“How does it work?”

“How does what work??


“Really now, I’m supposed to know that!”

“Yeah — you are.”

“Well, if I had to say, at this odd and slightly confusingly clear moment in time, it seems to me that life works kind of like legos.”

“What? Really? Legos? Aren’t legos kind of for little kids, and maybe losing ground to tablets?”

“Well, not yet, but I suppose the snappy things come and go, model cars and planes, Erector sets, various kinds of building blocks and jigsaw puzzles,  but our fascination with connection, with making connections, that’s life. Think Facebook, Instagram,Twitter, Starbucks, teams, school, friends,  church, family, true love — we want to connect, meet, exchange, belong, be friends, be family, snap on.”

“So, what do we do with that?”

“Well, if we are already a part of a team, a club, a  business, a school, a church, a nonprofit, a friendship circle, a family, and we want to do life well, then we should lead in creating more snap on points, more ways for people to bridge over their loneliness and meet and talk, honestly, to lego-up and build something cool, fun, fascinating, big and colorful, together. That’s what people want. They want to fit, to bridge, to snap, on, and be part off something bigger than a small plastic piece of themselves. They want a buddy. They want a mentor. They want a cousin. They want a brother. They want a spouse. They want a teacher.  They want a dad. They want a mom, or something even remotely like one, someone, anyone, who brakes the silence and listens and … connects.”

“That’s a challenge!”


“So many of us, these days, seem to be shy, hurt, burned, distracted, overwhelmed, busy, awkward and most of all — afraid, of each other.”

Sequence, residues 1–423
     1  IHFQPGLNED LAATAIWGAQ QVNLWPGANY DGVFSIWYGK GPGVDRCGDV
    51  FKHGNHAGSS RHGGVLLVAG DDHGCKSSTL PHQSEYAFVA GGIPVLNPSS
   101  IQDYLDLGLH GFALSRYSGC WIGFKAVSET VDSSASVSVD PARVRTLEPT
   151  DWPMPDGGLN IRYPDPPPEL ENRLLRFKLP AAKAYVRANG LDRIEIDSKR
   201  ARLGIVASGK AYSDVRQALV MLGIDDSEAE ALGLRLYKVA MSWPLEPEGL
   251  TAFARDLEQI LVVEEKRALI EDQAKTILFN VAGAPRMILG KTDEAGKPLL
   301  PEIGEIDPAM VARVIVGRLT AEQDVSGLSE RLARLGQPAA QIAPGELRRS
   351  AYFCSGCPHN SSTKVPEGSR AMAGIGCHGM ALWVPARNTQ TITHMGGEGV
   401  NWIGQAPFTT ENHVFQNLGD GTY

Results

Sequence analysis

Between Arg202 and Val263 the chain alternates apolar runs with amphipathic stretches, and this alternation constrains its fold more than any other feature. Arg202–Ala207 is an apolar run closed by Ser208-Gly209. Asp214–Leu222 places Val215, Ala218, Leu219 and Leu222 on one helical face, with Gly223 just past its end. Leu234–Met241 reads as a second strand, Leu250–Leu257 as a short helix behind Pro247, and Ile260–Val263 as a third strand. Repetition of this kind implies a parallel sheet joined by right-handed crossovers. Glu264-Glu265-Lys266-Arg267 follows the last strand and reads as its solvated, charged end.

“That’s true, but if we don’t go there, to those real points of connection, then we are just left with a life of tiny lonely pieces, psychic fragments, small isolated, island lives, little junked up materialistic silos. If we don’t connect, we’ll be like sand grains lost in big shoes, dust particles floating in the great airy expanses over the deserts. We will be some weird kind of modern R. W. Emerson, self-reliance with earphones on, lonely iron strings playing one note, social hermits with our heads bent down permanently over our smart phones.  Someone must, if we are going to live well, really do life well, connect us.”

“So what am I supposed to do?”

“Look up, out of the trench. See people. Regain social ground. Discover again the lost art of hospitality. Invite a lego to play, to dinner, to coffee, to study, to hang out, to bridge time and space and connect face-to-face, not text-to-text, not screen-to-screen, not pic-to-pic, but up close and warmly personal. Actually have relationships, and facilitate them between other people. Go be that engineer of sociality, the socio-lego-land creator, that infra-face-structure designer, for them, now, please, will you?”

“Okay, I’ll get right on that!”


“No, thank you, really! I’ve been kinda lonely lately.”

“Yeah, me too.”

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